Saturday, April 12, 2008
Myths dispelled - Hair
There are so many "old wives tales" and myths in health care, that each week EverythingHealth will pick a subject and give you a quick dose of truth. Today's topic is Hair. Everyone is interested in hair and that makes for lots of hair myths.
1. Split ends can be repaired: When the tips of hairs are damaged and fray, it is called a split end. Once split there is no product that can bond the ends together. Some products smooth the surface but the only way to end a split end is to cut it off.
2. Shampooing makes hair fall out: The hairs that clog the drain are part of the natural cycle of shedding. Some times more hairs fall out but scrubbing with shampoo does not cause it. The lifespan of a hair is 2-4 years and hairs are falling out and regenerating all the time.
3. Brushing is good for your hair. Do 100 strokes/day: The opposite is true. Vigorous brushing can tear and damage hairs and even pull hair out. In the old days when people didn't bathe regularly, brushing may have distributed scalp oils and dandruff and helped with lice control. For us, use the brush for styling only.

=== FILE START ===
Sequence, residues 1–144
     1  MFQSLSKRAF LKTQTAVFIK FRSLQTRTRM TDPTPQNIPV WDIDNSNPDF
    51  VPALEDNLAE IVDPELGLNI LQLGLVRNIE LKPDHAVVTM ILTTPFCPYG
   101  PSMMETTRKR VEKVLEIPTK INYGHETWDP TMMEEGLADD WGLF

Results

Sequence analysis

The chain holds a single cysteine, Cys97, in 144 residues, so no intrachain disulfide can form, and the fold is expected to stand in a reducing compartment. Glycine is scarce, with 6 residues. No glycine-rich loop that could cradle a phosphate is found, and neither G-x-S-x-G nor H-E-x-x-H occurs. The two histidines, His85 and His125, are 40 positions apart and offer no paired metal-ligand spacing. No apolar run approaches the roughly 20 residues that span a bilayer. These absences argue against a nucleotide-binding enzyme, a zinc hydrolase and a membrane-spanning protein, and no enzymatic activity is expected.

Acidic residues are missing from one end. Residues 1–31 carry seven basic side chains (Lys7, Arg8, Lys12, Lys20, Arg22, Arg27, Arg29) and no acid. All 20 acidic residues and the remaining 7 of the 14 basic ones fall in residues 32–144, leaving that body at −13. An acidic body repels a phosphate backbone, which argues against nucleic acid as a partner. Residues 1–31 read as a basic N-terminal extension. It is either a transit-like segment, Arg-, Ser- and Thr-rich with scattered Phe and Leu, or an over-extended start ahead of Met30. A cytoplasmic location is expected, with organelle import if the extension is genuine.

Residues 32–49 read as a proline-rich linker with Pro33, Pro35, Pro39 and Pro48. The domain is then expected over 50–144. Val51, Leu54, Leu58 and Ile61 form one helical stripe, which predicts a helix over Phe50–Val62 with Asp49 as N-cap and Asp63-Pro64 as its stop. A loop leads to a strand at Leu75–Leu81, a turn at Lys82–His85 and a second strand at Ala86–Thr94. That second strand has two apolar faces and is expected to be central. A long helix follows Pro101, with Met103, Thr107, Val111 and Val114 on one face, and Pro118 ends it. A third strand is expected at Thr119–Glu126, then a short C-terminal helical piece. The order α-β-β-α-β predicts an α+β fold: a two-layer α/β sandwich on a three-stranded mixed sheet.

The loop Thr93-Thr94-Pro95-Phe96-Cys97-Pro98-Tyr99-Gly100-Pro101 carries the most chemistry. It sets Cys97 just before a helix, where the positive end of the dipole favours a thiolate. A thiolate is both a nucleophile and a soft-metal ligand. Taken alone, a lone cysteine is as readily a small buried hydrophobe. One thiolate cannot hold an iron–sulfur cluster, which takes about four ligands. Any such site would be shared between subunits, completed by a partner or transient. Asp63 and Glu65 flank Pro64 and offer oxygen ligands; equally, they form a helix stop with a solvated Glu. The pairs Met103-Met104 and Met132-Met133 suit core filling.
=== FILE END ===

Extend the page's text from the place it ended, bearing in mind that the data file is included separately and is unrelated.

4. If you pluck grey hair, two will grow back in its place: As we get older the melanocyte cells that create colored pigment stop working. This is determined by our genes and some environmental factors like smoking and diet deficiencies. Pulling out grey hair doesn't affect the other hair follicles, but the passage of time does, so it may seem that more grey is occurring. Some people start greying in their 30's, others (Ronald Reagan ?) make it to old age without much grey. Go figure!
5. If you shave hair, it grows back darker and thicker: Cutting or shaving doesn't affect hair growth or texture. If it did, we could cure baldness with a razor. Hairs have a natural tapered end and when that is cut or shaved, the remaining shaft feels thicker and darker.
5. Shock can make hair turn white overnight: There are a number of reports of this happening (Marie Antoinette, Barbara Bush, Survivors of Titanic ) but there is no medical evidence that it can happen. Extreme stress can cause alopecia, where hairs at the end of their cycle fall out all at once. Hairs that are left may be the white hairs, giving the appearance of it happening suddenly (but certainly not overnight).
There you have it.
Posted by Toni Brayer, MD at 7:40 AM